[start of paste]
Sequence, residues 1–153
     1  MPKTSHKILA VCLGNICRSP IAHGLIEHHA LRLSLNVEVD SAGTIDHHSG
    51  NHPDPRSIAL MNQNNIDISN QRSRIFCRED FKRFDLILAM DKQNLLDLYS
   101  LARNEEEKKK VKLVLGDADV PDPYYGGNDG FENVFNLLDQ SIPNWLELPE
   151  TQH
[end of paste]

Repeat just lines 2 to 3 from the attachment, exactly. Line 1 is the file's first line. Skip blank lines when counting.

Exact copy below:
     1  MPKTSHKILA VCLGNICRSP IAHGLIEHHA LRLSLNVEVD SAGTIDHHSG
    51  NHPDPRSIAL MNQNNIDISN QRSRIFCRED FKRFDLILAM DKQNLLDLYS